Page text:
After adjusting for covariates, adults with probable or confirmed COVID-19 had an 89% higher risk of problems doing household activity (odds ratio [OR], 1.89; 95% confidence interval [CI], 1.11 to 3.22), a 91% higher risk of decreased physical activity (OR, 1.91; 95% CI, 1.32-2.76), and a 133% higher risk of experiencing problems when standing from a seated position (OR, 2.33; 95% CI, 1.06-5.11). The researchers found similar results for those with suspected COVID-19 (eg, OR for decreased household activity, 2.09; 95% CI, 1.82-2.41).
The study authors said this is the first study that addresses limited mobility in patients with non-severe COVID-19.
"Anecdotal reports, patient accounts on social media, and some preliminary research with convenience samples, have suggested that many patients who experience even mild COVID-19 have persistent and troublesome symptoms, including impaired physical function after their initial illness," the authors wrote. "Our results suggest a need for approaches to effectively restore functional mobility to predisease levels after COVID-19."
Jan 12 JAMA Netw Open study
Delta COVID-19 infection linked to fetal death, distress in pregnant women
A pair of case reports published today in The Journal of Infectious Diseases detail fetal deaths and fetal distress in mothers who were unvaccinated and had mild COVID-19 infections involving the Delta (B1617.2) variant. In both reports, investigators describe inflammation that caused problems with placental circulation.
In the first report, researchers from Missouri describe a 25-year-old woman in her third trimester who sought emergency department care for mild COVID-19 symptoms. At the time, no fetal problems were noted, but 3 days later, the woman was seen again for vaginal bleeding and decreased fetal movement.
She went into active labor and delivered a boy, who was deceased. The mother experienced disseminated intravascular coagulation during postpartum recovery. Pathology examination of the placenta suggested Delta-induced cytokine storm caused severe placental inflammation and damage, which likely triggered placental abruption (separation from the wall of the uterus) and fetal death.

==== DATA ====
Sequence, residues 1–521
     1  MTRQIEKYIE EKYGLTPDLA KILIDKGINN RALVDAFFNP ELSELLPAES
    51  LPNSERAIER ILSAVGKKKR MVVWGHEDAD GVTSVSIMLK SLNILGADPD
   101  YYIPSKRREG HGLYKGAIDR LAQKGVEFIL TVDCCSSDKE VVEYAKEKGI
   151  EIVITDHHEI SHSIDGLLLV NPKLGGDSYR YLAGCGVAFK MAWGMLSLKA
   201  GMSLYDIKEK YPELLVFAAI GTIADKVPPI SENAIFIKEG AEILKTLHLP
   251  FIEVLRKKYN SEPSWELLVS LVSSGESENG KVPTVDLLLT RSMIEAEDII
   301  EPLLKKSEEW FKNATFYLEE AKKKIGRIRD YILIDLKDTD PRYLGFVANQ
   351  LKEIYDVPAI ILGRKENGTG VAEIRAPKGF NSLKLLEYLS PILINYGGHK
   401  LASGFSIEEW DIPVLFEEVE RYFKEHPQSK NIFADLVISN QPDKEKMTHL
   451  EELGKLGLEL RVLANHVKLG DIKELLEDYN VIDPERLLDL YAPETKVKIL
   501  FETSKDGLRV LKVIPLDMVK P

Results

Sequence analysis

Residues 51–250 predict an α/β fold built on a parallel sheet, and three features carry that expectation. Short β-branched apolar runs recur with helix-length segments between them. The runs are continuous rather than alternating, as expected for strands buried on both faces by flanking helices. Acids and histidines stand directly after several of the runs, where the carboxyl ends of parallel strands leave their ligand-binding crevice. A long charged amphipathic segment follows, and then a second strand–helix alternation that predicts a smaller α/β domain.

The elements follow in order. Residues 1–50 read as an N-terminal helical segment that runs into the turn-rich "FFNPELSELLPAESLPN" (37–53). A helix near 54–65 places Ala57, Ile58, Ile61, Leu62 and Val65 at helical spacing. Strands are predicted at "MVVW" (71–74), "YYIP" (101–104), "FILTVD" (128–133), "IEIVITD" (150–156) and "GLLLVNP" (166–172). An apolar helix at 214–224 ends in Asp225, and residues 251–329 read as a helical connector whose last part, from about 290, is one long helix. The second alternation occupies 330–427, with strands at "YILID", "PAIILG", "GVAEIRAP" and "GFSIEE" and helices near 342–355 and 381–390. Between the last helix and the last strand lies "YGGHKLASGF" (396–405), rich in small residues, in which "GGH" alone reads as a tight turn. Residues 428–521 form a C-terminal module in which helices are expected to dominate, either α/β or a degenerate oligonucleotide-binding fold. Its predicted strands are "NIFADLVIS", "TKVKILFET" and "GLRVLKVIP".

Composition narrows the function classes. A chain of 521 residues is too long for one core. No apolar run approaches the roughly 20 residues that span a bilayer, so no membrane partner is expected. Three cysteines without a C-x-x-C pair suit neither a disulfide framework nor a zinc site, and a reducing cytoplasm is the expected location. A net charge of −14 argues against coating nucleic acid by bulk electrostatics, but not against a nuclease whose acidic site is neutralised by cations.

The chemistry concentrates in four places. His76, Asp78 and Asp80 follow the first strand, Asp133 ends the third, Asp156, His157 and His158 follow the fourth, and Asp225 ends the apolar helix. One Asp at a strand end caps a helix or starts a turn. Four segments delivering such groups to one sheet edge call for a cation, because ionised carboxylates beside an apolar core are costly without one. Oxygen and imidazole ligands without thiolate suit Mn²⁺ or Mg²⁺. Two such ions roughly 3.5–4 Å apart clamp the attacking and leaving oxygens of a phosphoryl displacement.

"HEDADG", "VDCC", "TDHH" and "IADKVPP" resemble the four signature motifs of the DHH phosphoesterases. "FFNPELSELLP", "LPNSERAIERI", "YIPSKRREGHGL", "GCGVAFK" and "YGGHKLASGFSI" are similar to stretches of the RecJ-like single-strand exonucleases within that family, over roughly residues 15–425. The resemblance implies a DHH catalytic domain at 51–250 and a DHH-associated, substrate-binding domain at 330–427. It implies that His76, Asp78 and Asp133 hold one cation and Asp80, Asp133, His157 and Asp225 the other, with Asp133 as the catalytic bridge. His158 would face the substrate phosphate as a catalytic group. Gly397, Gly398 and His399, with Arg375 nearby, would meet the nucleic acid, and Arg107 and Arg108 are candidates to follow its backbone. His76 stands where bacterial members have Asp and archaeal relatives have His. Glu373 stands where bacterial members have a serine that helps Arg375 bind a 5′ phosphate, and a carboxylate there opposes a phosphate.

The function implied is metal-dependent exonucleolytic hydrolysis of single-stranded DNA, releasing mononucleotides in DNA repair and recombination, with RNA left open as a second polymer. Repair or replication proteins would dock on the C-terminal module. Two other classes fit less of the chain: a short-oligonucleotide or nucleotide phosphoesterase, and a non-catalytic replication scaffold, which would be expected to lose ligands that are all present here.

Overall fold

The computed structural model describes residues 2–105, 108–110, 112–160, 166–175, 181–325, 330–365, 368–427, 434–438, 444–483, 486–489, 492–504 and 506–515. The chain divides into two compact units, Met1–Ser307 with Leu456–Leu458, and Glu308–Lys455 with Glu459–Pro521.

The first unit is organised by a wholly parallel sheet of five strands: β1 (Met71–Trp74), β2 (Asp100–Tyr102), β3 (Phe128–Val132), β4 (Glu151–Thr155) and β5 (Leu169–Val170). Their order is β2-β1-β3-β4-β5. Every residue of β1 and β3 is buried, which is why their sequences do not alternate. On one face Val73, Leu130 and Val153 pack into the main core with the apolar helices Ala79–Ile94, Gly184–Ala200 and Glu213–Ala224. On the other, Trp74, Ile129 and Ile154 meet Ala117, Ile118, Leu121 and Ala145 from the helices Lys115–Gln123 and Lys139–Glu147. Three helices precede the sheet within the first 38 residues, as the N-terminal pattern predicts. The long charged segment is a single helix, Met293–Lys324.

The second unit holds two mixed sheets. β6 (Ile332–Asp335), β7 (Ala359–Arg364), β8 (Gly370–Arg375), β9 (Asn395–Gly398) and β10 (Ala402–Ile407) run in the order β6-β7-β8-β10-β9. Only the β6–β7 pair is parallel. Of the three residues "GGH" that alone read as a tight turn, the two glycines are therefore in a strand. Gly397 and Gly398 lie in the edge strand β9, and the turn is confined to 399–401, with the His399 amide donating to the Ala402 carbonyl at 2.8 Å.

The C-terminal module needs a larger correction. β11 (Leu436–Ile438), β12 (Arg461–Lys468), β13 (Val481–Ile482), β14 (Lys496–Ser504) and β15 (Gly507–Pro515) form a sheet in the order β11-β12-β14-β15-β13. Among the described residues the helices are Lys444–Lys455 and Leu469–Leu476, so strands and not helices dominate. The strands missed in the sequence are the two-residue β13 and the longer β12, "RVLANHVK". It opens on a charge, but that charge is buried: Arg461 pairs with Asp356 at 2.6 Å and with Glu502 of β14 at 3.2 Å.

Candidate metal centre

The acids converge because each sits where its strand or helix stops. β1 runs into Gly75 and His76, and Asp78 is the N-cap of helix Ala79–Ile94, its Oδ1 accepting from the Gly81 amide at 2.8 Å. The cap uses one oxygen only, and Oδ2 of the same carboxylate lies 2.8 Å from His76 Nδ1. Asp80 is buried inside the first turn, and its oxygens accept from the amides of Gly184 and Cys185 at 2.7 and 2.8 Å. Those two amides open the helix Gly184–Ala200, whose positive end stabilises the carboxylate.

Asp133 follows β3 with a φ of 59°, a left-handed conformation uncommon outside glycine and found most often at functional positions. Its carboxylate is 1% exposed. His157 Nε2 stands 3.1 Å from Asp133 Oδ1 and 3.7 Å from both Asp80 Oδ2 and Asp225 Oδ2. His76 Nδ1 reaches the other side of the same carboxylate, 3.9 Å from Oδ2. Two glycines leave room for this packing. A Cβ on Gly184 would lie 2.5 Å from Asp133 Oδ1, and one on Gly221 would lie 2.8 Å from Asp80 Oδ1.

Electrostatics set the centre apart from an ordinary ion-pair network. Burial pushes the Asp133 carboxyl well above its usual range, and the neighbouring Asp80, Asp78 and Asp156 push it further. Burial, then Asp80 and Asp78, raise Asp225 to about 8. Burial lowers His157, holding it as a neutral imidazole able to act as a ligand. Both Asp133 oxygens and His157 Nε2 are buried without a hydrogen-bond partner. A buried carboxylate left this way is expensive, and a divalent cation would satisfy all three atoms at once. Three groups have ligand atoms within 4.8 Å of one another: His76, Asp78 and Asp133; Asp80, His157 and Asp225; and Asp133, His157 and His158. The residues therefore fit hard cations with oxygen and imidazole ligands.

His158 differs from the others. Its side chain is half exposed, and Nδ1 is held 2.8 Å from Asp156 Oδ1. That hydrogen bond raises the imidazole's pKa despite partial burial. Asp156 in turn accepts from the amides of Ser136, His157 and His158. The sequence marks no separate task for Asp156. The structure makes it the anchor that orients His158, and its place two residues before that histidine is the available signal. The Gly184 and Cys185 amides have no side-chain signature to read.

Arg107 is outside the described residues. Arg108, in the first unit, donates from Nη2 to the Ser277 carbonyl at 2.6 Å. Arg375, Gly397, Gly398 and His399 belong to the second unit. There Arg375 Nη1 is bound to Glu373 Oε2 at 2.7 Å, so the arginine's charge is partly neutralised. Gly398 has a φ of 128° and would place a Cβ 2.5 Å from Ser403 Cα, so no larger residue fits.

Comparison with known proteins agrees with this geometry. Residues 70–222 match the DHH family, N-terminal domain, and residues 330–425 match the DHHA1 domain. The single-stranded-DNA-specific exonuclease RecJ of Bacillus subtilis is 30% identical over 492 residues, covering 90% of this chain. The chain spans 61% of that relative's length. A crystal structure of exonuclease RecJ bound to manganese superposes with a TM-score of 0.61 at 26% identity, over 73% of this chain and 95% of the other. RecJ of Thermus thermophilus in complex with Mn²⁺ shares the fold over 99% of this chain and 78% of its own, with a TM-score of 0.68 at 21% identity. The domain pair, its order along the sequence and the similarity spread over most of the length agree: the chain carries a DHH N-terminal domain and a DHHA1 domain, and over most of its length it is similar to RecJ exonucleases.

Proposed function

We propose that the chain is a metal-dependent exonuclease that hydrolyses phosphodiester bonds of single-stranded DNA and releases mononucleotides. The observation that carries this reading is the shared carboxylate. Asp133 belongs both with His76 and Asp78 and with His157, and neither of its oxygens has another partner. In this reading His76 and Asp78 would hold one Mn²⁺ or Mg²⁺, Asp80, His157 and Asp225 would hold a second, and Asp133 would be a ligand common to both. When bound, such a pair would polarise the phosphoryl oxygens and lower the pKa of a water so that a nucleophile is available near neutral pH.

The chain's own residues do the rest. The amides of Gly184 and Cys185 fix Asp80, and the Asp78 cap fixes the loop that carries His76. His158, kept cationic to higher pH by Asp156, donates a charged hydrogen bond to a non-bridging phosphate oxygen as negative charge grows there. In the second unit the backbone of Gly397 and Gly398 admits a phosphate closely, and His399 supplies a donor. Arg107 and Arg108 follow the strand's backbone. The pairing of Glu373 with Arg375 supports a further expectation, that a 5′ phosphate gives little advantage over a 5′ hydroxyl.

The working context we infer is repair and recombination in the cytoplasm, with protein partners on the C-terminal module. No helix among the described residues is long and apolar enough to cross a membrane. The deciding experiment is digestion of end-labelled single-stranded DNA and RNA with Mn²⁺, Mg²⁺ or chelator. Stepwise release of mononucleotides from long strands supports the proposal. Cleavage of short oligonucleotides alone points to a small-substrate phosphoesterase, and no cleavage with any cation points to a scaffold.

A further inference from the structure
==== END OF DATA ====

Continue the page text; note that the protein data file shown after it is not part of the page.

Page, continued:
In the second report, researchers based at Massachusetts General Hospital described three similar cases, two involving fetal death and the other linked to severe fetal distress. The mothers were in their 30s and had been sick with Delta infections during the third trimester. The woman whose baby was born with severe fetal distress gave birth by emergency cesarean section due to problems seen on fetal heart rate monitoring.
Examination of all three placentas revealed signs of SARS-CoV-2 placentitis (placental inflammation).
The impact of COVID-19 variants on pregnant women and their babies requires greater scrutiny, given evidence of stillbirths and higher mortality in pregnant women infected with SARS-CoV-2, the team wrote. "Vaccination against COVID-19 will continue to play a critical role in protecting pregnant people from risks associated with Delta-variant COVID-19."
Jan 13 J Infect Dis report on Missouri case
Jan 13 J Infect Dis report on Massachusetts cases